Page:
Review: Pink Opaque


A particularly relevant and reliable indie film, Pink Opaque is a crash course in life throwing curveballs left and right and the resilience necessary to persevere.

Approaching graduation from film school and fighting the odds to finish his final project, Travis (Elijah Boothe, “Luke Cage”) is also juggling a rekindled relationship with his uncle and a budding romance with his girlfriend, much to the chagrin of her brother. Writer/Director Derrick Perry’s film plays like an ode to a lived experience, a recognition of the turmoil life holds for us and the a plea for understanding that we all have our own battles to wage. Pink Opaque features stunning cinematography of the Los Angeles area, shots that could easily be featured in a tourism video and an authentic backdrop for the authentic characters.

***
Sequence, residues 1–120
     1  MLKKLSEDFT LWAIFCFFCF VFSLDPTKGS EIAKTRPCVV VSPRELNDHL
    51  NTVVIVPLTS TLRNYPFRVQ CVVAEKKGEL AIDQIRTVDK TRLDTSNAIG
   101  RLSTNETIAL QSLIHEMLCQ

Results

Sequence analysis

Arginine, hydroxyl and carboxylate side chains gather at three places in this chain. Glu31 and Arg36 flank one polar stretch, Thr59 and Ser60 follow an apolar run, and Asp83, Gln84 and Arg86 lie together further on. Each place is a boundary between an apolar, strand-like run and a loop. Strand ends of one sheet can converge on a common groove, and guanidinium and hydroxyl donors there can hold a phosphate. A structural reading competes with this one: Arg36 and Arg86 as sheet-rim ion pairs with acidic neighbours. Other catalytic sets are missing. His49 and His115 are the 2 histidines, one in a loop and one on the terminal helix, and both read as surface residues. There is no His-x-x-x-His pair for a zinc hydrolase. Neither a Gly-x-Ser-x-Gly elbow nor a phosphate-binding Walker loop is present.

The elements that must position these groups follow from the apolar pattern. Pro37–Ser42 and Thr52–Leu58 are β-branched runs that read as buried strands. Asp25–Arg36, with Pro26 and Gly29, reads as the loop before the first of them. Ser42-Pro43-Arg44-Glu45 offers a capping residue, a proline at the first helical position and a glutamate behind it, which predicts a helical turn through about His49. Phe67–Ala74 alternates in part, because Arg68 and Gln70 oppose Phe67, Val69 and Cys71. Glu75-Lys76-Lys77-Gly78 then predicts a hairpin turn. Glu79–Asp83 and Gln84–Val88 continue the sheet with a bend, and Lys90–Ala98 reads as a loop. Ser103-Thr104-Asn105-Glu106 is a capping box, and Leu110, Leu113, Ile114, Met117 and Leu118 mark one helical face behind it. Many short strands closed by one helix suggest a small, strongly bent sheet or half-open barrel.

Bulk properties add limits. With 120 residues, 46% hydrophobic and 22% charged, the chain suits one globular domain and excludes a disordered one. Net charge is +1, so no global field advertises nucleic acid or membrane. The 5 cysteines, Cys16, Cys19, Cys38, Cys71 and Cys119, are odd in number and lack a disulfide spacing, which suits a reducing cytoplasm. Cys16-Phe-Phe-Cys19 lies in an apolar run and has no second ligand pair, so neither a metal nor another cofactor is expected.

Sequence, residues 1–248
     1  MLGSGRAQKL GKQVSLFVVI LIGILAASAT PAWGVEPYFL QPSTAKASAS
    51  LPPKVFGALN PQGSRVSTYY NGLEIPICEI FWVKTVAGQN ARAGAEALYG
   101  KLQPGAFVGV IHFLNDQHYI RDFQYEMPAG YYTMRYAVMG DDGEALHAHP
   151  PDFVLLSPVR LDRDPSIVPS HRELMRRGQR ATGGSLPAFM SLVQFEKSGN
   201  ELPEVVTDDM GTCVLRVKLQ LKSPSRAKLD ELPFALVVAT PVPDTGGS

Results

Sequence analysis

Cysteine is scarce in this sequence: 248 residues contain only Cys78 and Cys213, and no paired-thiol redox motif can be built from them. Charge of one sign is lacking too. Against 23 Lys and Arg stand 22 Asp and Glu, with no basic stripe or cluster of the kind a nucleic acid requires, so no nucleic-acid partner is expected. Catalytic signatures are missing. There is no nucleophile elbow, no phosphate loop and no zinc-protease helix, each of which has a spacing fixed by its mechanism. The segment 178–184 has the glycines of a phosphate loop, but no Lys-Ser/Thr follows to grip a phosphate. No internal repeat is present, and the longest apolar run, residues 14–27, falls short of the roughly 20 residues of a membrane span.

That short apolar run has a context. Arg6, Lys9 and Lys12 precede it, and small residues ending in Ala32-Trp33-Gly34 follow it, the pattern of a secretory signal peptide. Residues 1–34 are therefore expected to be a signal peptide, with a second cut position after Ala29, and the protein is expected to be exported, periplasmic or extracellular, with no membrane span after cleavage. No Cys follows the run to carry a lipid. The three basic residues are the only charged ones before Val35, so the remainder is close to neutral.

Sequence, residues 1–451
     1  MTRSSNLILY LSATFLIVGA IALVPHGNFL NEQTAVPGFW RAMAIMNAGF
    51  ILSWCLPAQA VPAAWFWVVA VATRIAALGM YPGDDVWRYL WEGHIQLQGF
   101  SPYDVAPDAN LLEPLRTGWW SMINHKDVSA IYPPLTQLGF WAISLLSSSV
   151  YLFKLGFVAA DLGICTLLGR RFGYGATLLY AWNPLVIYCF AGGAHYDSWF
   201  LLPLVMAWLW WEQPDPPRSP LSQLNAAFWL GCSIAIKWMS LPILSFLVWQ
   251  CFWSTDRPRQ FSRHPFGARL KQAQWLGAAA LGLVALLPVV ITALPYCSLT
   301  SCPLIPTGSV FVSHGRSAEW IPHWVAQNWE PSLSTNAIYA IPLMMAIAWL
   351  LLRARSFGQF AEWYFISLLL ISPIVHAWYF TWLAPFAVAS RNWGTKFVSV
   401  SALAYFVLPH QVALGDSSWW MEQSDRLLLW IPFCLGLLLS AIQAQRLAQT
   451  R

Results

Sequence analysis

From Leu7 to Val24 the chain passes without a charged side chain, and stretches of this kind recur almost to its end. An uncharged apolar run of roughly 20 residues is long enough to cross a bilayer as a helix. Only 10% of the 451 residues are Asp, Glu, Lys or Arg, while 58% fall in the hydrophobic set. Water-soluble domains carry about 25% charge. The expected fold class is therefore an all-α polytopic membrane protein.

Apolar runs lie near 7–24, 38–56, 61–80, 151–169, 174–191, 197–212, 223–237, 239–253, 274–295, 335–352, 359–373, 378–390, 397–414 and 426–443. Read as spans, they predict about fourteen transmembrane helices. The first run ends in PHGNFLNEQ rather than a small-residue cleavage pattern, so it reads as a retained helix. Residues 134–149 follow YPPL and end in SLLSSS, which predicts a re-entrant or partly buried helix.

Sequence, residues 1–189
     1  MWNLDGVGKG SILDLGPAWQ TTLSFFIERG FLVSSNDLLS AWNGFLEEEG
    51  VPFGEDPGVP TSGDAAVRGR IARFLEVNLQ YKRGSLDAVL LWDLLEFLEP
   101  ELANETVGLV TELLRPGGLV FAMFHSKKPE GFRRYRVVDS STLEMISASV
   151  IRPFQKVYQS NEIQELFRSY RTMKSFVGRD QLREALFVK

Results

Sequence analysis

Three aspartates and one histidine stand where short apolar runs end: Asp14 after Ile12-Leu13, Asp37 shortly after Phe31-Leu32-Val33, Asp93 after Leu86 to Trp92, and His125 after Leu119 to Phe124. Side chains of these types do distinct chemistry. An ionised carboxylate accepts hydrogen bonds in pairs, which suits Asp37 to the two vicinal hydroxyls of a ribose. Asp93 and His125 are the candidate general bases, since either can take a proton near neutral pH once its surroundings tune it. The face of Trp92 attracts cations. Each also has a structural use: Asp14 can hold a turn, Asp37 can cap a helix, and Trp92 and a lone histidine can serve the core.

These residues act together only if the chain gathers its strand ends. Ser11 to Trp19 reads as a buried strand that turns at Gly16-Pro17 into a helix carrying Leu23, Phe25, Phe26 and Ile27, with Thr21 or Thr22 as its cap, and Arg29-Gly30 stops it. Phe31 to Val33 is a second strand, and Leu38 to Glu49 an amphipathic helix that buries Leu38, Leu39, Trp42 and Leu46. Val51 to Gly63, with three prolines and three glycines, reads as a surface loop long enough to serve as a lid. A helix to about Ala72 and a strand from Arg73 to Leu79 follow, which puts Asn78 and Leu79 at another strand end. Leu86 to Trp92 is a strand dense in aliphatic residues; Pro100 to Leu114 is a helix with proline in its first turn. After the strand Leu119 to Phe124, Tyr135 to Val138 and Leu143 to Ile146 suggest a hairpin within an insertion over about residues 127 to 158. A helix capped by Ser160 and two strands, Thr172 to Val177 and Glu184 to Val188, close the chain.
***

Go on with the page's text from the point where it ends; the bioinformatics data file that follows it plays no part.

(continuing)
Though the film maintains the viewer’s interest and tells a story that most can connect with in some way, Perry’s script attempts to accomplish a lot. The plot is layered with dramatic turns that are not foreseeable, but also feel out of place. Between love, drugs, family, and more, Pink Opaque is unbalanced and often dull. What it does show, however, is the director’s understanding of how to portray deeply human stories with genuine delivery and appealing visuals that would be standouts if there simply wasn’t too much being attempted.

But it’s the actors that win you over in the end and the deep real stability of Elijah’s Travis that make this a worthwhile outing.

Pink Opaque is now available on VOD.

Rating: 3/5

Photo from Character Media

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